Predictive analytics to assess risk and trigger care interventions

careoredictor

Problem to be solved

The model of visiting and supporting individuals at regular times in the day is long-established in domiciliary care. But identifying and acting on care-related issues and possible signs of deterioration in individuals is highly dependent on an individual care worker’s observations, and their ability to promptly escalate those observations.

This can be challenging when more than one care worker is responsible for an individual. And in the context of workforce shortages across social care, there can be additional challenges with inexperienced carers and carers with heavy caseloads struggling for time. Regardless of an organisation’s workforce position, the potential benefits to care outcomes of more immediate and consistent risk assessments are clear - early, proactive and targeted intervention works.

The project

Cera Care is a CQC registered technology-enabled home care company, providing approximately 10,000 care visits per day to individuals across 50 local authorities in England. The company’s AI-powered Concern Predictor tool analyses data collected from care workers’ visit reports to produce a stratified risk assessment of individuals across a region, predicting the likelihood of falls and hospital admission.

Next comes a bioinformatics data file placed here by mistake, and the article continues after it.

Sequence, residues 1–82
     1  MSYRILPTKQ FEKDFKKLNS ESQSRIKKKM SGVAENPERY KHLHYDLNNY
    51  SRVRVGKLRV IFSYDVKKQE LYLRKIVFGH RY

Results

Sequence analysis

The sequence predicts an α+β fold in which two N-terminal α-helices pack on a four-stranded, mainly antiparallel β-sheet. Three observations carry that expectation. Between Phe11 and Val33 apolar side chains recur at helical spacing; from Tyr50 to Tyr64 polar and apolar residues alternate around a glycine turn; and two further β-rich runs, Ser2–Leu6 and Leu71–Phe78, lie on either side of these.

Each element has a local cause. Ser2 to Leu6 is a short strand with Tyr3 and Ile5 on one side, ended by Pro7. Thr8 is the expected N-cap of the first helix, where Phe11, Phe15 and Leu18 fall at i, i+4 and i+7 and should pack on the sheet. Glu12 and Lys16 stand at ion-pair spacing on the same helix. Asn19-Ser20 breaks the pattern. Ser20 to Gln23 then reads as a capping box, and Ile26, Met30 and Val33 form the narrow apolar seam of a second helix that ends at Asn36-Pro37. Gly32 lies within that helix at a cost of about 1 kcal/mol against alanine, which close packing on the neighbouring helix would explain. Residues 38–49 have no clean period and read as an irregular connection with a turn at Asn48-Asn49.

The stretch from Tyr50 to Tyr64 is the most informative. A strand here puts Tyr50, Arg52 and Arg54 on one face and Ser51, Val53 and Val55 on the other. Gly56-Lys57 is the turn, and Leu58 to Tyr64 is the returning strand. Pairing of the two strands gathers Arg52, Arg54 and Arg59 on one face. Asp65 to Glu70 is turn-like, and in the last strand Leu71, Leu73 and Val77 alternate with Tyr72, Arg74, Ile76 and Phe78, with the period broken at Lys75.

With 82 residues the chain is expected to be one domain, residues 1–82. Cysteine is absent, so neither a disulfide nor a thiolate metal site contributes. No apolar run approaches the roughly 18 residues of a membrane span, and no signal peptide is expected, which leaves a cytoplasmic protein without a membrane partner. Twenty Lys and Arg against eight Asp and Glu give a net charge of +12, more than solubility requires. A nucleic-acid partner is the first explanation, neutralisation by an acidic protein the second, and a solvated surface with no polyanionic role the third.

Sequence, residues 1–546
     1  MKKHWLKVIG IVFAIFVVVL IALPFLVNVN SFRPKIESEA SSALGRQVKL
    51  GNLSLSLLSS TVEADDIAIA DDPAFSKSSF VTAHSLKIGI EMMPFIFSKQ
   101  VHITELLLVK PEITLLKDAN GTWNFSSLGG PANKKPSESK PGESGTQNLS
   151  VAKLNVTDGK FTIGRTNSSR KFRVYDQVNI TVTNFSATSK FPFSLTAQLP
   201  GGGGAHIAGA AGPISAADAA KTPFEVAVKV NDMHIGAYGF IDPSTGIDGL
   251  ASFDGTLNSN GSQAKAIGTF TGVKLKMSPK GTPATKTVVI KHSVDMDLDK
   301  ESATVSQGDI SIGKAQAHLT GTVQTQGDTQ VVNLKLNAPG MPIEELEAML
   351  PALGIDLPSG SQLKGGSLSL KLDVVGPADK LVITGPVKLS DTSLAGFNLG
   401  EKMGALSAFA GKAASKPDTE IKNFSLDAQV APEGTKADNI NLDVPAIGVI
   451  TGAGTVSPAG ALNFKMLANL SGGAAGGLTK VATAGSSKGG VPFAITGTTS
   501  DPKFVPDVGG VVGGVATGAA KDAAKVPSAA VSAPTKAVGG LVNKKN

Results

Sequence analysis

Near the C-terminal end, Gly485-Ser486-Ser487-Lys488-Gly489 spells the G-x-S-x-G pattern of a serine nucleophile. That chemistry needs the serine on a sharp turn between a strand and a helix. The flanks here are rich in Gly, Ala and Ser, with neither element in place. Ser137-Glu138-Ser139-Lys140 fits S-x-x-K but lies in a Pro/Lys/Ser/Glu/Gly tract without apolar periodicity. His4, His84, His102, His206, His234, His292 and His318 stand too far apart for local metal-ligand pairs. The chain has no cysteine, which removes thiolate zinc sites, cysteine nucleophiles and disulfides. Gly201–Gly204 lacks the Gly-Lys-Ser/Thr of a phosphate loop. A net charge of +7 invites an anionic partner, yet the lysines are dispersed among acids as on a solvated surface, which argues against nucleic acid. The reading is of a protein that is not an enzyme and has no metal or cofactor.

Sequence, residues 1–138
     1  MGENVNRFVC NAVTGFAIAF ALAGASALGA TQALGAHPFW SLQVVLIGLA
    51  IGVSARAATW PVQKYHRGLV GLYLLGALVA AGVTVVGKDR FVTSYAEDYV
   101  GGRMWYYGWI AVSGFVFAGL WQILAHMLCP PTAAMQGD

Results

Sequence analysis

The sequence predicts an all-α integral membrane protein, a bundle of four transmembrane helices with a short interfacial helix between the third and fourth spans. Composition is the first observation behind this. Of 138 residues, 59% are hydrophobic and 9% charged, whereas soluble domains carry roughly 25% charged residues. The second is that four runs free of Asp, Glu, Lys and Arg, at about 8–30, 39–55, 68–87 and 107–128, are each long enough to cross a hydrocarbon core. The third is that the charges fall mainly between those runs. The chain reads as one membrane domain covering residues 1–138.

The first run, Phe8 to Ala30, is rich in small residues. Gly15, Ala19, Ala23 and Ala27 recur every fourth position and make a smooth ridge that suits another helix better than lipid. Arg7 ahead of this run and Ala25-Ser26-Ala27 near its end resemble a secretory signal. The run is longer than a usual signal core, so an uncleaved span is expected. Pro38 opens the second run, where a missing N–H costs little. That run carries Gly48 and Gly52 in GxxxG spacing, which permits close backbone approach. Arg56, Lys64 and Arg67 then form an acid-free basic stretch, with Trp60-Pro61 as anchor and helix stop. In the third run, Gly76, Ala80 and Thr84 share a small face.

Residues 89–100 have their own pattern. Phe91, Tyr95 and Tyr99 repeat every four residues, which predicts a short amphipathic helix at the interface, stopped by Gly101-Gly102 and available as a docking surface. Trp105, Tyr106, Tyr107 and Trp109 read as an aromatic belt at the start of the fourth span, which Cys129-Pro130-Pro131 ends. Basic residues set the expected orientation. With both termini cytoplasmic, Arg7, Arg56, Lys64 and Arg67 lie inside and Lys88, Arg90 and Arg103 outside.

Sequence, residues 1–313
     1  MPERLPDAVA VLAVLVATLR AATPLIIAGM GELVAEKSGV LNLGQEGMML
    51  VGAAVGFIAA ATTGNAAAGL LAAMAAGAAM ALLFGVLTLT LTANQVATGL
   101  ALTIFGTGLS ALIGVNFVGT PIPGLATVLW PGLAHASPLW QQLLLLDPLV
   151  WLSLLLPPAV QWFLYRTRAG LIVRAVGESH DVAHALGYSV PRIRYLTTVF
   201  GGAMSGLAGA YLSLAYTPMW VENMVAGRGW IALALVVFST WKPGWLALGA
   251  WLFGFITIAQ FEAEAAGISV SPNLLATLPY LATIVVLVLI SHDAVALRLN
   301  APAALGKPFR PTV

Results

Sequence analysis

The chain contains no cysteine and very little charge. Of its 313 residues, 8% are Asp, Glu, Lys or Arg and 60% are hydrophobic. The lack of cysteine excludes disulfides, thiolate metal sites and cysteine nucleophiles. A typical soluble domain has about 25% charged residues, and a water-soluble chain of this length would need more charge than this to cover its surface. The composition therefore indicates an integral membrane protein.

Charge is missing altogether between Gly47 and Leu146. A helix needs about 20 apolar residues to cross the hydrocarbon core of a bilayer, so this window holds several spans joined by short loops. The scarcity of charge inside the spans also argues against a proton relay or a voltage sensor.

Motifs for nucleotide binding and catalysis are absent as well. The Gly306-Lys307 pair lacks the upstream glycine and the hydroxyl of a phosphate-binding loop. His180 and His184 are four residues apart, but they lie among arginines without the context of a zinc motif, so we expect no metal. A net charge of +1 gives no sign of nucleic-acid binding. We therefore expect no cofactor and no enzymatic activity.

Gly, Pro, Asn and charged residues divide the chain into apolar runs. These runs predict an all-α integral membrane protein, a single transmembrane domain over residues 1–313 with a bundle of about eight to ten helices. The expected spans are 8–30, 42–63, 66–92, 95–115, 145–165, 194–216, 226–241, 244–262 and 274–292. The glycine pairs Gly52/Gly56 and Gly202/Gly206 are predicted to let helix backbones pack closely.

Where an alert is triggered, regional service managers compare the automated assessment with the care worker’s written report to fully understand the situation and make appropriate decisions about individuals’ care needs, intervention measures and escalation to other agencies. 

Trained on 68,000 annotated care records, the tool analyses both:
  • structured data e.g. specific health observations
  • free text from care workers’ visit logs, using sentiment analysis 

to predict a level of risk for a given individual.

On any given day, the Concern Predictor analyses data on between 450 and 500 individuals. Between November 2019 and June 2020, the Concern Predictor has highlighted 715 risks of adverse instances, which managers and care workers have then proactively addressed.

To find out more about this project, contact Mahiben Maruthappu using email address: info@ceracare.co.uk.


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